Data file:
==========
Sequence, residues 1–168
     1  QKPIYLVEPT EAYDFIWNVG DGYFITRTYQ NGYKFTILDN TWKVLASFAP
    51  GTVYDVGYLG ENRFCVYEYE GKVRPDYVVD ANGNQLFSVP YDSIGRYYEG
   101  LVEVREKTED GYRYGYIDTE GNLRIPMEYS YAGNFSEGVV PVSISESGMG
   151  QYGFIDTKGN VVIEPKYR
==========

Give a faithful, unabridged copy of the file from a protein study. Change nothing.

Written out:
Sequence, residues 1–168
     1  QKPIYLVEPT EAYDFIWNVG DGYFITRTYQ NGYKFTILDN TWKVLASFAP
    51  GTVYDVGYLG ENRFCVYEYE GKVRPDYVVD ANGNQLFSVP YDSIGRYYEG
   101  LVEVREKTED GYRYGYIDTE GNLRIPMEYS YAGNFSEGVV PVSISESGMG
   151  QYGFIDTKGN VVIEPKYR